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How we are talking to Alexa

The NHS website team has worked with Amazon’s Alexa team to offer health information by voice search. Eva Lake, Head of Engagement for the website, explains how the collaboration is working. 

Image of Alexa

The recent announcement about NHS content being available on Alexa devices sparked some interesting discussion about the challenges for the NHS of working with large commercial organisations like Amazon. I want to explain how we are working with Amazon and why such partnerships are important to achieving our mission of getting health information to people on the platforms they choose.

Why do we want our information on voice?

There are currently over 1,500 organisations consuming content from the NHS website. Our syndication service allows these third-party partners to integrate our clinically approved content and service information through free application programming interfaces (APIs) or widgets.

It is estimated that 14% of UK households now have voice-activated speakers. Whether or not you believe predictions that 50% of searches will be by voice by 2020, this is a significant market – and is particularly significant for health information. Using websites can be hard for people with literacy difficulties and accessibility needs. Voice-activated devices offer one way, for some people, of getting around these problems. So, this is an important new opportunity for us – but one that we have approached carefully.

Starting the conversation

Members of our syndication team went to NHS Expo 2017 to talk to people about the API offer from the NHS website. We met members of the Amazon Alexa team at the event and found there was mutual interest in exploring this further.

We had previously looked at how to build a ‘skill’, the equivalent of an app which individual users can enable on their Alexa speaker. We could have developed a skill ourselves, without a close partnership with Amazon, but the contact at Expo developed into a chance to take advantage of their expertise in creating content for voice. By adding our content to Alexa’s core knowledge base, it could be used for all relevant questions not requiring a user to enable a skill in advance. This is key when you consider the challenge of reaching those who are not actively engaging in their own health.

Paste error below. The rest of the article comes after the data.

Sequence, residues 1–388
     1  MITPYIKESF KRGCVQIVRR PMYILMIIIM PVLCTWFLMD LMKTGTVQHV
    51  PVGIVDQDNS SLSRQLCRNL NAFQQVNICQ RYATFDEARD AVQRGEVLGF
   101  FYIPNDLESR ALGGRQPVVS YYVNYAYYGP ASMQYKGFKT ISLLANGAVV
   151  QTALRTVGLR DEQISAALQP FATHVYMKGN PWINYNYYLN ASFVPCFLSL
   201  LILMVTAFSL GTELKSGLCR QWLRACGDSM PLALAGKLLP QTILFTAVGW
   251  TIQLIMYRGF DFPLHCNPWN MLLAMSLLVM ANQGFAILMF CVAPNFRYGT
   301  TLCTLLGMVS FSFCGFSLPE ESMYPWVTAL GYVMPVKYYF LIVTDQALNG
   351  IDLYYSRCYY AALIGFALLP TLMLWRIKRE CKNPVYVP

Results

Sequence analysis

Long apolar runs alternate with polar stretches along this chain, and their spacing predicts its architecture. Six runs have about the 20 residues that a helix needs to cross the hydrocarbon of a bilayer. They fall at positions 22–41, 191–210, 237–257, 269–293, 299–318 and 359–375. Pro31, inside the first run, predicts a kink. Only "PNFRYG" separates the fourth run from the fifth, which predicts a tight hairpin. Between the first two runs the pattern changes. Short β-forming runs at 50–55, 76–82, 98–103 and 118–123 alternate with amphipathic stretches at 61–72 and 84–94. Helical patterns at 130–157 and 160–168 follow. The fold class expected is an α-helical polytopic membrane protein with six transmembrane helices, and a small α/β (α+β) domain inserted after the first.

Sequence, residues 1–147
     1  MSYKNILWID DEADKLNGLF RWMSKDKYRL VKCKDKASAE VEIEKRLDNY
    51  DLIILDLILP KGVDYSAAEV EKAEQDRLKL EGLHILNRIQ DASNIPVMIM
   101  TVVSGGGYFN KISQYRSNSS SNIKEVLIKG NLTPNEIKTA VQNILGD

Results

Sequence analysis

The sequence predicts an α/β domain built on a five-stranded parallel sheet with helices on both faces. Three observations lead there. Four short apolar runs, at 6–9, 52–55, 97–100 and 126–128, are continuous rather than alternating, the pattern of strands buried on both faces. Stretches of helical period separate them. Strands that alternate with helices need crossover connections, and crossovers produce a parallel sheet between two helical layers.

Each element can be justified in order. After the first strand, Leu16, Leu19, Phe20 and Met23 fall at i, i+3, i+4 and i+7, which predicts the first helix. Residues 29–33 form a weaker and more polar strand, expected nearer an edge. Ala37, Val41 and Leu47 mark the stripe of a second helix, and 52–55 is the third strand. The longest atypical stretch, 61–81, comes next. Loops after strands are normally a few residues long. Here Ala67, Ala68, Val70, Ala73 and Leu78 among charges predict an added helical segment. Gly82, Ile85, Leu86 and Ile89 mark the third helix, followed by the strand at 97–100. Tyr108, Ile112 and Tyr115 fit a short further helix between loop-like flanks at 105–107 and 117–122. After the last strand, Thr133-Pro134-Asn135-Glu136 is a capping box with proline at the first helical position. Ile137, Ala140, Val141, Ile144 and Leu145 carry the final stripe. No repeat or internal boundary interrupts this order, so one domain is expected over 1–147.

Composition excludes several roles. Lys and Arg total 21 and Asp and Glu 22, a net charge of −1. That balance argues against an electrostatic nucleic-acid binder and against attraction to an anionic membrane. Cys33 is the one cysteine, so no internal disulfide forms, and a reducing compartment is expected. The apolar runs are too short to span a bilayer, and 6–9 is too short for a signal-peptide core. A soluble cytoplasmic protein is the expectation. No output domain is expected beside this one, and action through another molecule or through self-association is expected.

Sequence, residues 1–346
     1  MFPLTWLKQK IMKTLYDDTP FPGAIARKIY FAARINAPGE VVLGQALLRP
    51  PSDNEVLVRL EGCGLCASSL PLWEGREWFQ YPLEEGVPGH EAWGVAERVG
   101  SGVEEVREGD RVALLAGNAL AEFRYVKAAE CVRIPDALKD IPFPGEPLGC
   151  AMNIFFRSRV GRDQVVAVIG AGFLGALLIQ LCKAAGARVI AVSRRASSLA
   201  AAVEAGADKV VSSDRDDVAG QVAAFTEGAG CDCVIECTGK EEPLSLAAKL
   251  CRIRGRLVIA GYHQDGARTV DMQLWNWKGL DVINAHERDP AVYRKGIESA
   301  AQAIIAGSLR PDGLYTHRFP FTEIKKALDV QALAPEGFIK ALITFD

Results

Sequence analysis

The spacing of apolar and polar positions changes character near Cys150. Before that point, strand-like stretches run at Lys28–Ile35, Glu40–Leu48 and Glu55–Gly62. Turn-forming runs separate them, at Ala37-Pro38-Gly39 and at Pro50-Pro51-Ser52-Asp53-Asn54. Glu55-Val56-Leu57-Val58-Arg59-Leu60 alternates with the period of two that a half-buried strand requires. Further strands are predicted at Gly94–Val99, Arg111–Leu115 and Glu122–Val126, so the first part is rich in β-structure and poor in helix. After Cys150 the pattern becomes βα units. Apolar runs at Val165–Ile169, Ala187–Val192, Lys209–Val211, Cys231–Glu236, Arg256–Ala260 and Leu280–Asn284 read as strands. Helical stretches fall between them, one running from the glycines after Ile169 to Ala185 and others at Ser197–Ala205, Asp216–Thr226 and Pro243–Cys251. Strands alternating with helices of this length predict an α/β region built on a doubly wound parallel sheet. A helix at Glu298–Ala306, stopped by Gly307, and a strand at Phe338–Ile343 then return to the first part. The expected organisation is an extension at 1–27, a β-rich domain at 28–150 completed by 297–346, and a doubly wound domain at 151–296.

Navigating the development

There were a lot of complexities to address before we got to where we are now, and we frequently reviewed and discussed concerns with colleagues. When working with any organisation, especially commercial entities, we are aware that they have different priorities to the NHS and we, as a nation and as NHS staff, are very protective of our health system’s non-commercial ethos. This makes it a sensitive area to operate in, but, fundamentally, we are happy that Amazon wants to be able to offer trusted health information to answer questions from Alexa users. Our priority is to allow people to use their preferred channels to answer basic health questions.

What makes this collaboration special?

We offer a free API of NHS website content to anyone building digital products and services. While free of charge, there are specific terms about reporting and branding, plus partners must undertake to make no changes whatsoever to our content.

But we recognise that a voice platform has specific demands. A bullet list doesn’t work well on voice and you don’t have access to colours and positioning to help your users navigate high priority content. We have worked with Amazon to find an approach that allows only essential alterations for voice-specific content based on a core approach. We have stuck to the fundamental principle of not agreeing a way of working with Amazon that we would not be willing to consider with any single partner – large or small. We have been careful about data, commercialisation, privacy and liability, and we have spent months working with knowledgeable colleagues to get it right.

Some of the challenges and misunderstandings:

It might be helpful to capture some of the key themes that are coming through from feedback so far, and to reflect conversations we have had about mitigating these.

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Eva Lake

Eva leads the NHS.UK Engagement team,  and looks after syndication, social & digital media, multimedia and ratings and reviews for the NHS website.

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Last edited: 12 February 2020 11:05 am